Charging ahead with electric vehiclesTop News | Michael Shum 18 Mar 2021
Hong Kong plans to increase charging stations to 155,000 by 2025 as it launched the first roadmap to popularize electric vehicles yesterday.
Registration of new vehicles with internal combustion engines, including hybrids, will be stopped by 2035, under the Hong Kong Roadmap on Popularization of Electric Vehicles.
To encourage people to go electric, the plan will increase private electric charging facilities to 150,000 and public facilities to 5,000 four years from now.
In September 2019, there were 2,506 public chargers, a document to the Legislative Council shows.
Secretary for the Environment Wong Kam-sing said yesterday the government will look into potentially requiring all parking spaces in new private buildings to be equipped with charging facilities.The scheme would be a stepped-up version of an existing scheme, which encourages developers to install charging infrastructure for gross floor area concessions for car parks, Wong said.
The government will take the lead to procure and replace small to medium private cars with electric vehicles.
Tens of millions of dollars will be spent on trials for electric buses, both single and double deckers, as well as e-mini buses, officials said. But there isn't a timetable for commercial vehicles to go electric. A more definite program will be available in 2025.
Undersecretary for the environment Tse Chin-wan said the government was using gross floor area concessions to attract developers to install charging infrastructure for electric vehicles in new developments, but some still opted not to join. "Although 80 to 90 percent joined the scheme, there were still some that opted not to join," Tse said.
"We are now considering ways to require parking spaces in new private buildings to be equipped with charging infrastructure, which will make those that opted not to join want to also install chargers in their car parks."
The roadmap also said the government will install charging points for public transport at public transport interchanges of new development areas, while also exploring the feasibility of converting petrol and LPG filling stations to charging stations.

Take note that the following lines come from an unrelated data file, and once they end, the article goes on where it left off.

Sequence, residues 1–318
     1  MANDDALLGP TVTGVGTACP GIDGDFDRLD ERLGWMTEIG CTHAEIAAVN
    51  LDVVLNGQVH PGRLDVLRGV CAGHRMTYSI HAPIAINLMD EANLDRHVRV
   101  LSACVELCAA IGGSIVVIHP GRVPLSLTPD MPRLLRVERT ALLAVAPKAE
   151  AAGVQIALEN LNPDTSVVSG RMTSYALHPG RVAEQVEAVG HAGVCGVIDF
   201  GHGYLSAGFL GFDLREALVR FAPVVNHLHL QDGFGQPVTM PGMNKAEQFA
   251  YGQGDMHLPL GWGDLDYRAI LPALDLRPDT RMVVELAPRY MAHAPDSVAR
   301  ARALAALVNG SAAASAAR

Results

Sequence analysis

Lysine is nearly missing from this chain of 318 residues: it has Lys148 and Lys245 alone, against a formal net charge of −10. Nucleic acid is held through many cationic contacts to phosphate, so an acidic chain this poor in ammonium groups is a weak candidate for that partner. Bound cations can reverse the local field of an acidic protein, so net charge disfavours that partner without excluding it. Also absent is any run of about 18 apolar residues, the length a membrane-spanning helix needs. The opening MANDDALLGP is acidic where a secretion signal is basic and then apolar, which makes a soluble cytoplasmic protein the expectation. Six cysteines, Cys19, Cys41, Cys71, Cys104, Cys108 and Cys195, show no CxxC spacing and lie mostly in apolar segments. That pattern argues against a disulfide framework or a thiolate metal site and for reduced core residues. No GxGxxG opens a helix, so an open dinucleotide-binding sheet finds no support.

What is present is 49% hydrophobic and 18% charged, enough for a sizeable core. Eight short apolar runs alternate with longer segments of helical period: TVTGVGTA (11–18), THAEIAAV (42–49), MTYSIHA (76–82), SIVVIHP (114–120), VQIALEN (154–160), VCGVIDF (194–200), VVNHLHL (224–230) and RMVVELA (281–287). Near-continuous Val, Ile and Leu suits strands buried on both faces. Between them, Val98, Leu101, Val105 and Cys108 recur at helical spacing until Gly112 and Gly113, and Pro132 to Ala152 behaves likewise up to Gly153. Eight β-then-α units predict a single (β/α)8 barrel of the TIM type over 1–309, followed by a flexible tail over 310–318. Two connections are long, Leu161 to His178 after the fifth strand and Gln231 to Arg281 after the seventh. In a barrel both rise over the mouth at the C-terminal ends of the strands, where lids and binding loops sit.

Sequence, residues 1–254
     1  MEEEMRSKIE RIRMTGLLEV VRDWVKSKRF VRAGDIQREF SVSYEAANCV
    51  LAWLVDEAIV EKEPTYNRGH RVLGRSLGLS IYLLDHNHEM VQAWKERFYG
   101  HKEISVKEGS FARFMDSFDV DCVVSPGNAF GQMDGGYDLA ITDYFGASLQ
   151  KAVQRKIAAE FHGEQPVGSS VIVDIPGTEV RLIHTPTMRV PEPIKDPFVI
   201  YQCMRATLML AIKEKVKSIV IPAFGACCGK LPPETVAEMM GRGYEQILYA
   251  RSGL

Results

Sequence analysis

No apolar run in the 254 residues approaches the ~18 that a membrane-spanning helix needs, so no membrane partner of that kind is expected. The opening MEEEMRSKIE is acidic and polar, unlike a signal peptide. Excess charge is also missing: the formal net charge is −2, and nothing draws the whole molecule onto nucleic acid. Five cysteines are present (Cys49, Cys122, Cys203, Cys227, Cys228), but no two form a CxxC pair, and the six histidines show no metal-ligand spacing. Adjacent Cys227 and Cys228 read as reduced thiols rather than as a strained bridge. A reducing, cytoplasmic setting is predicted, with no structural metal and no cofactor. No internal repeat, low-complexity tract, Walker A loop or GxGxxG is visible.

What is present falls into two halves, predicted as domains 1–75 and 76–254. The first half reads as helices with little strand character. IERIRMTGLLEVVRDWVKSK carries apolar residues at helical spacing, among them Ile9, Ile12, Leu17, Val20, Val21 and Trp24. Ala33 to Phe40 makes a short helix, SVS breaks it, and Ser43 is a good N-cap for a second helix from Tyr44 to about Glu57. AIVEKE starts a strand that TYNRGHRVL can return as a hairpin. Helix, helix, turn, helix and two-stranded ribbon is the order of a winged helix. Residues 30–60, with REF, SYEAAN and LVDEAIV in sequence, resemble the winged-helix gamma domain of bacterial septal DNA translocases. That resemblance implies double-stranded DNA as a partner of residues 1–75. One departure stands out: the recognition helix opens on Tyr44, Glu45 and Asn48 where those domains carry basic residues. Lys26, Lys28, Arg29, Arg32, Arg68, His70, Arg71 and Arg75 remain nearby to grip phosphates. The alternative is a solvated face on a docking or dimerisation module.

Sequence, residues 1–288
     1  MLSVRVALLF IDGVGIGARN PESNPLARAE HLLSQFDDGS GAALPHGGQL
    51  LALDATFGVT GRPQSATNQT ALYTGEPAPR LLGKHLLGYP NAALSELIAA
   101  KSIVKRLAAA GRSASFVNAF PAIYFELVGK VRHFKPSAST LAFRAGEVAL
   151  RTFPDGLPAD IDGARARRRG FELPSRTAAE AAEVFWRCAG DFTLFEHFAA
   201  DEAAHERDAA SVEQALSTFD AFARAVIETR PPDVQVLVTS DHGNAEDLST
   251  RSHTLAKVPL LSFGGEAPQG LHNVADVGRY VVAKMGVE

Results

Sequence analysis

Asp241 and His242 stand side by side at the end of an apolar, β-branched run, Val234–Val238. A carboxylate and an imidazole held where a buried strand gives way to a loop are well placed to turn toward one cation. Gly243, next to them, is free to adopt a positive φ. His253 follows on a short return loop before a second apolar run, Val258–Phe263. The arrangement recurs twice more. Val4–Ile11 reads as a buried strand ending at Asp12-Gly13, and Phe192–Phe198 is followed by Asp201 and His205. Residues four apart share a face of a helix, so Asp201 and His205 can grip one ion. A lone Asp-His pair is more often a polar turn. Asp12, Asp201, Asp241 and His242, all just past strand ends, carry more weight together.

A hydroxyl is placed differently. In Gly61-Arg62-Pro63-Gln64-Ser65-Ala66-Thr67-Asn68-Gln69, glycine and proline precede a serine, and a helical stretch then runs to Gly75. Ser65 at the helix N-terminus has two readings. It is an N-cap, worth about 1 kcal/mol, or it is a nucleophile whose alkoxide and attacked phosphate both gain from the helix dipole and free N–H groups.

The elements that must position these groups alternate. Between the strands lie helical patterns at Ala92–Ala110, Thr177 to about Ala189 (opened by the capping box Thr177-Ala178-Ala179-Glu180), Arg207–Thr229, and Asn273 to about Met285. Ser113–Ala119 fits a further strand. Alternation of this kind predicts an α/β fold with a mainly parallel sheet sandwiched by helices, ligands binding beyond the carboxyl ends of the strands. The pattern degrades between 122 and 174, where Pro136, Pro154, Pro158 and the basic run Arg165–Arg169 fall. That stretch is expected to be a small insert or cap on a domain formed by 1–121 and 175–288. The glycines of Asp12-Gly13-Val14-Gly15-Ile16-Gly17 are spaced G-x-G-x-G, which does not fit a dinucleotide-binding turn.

The deputy director of environmental protection, Owin Fung Ho-yin, said as vehicles will start turning electric, demand for petrol and LPG filling stations will gradually decrease.
"We are trying to take this opportunity to turn them into charging stations, and this would be of great help in increasing the number of charging points in Hong Kong in the mid-term," Fung said.
He added the transition would be visible in five to 10 years.
Fees for electric vehicle charging at government car parks will be imposed from about 2025.
Wong said that the roadmap's target is to achieve zero vehicular emissions before 2050 in Hong Kong, which is in line with Hong Kong's target to achieve carbon neutrality before then.
The president of the Hong Kong Automobile Association, Ringo Lee Yiu-pui, called the roadmap disappointing as it failed to provide incentives for citizens to switch to electric vehicles.
He said auto factories had already announced they would stop producing petrol vehicles by 2035.
"What is the point of stopping registering those vehicles at that time?"
Clean Air Network also slammed the roadmap for lacking new thinking to address existing challenges, especially electrifying commercial vehicles and public transport.
"The roadmap should establish a policy vision, targets and measures for transitioning commercial vehicles and public transport to new energy mode," the group said.
But WWF-Hong Kong said it welcomes the roadmap, especially on the government's vision of zero carbon emissions.
"We support the government's plan to gradually phase out fuel-propelled private cars by 2035 and the roadmap aligns with WWF-Hong Kong's call for a low-carbon city that will help transform Hong Kong into Asia's most sustainable city," it said.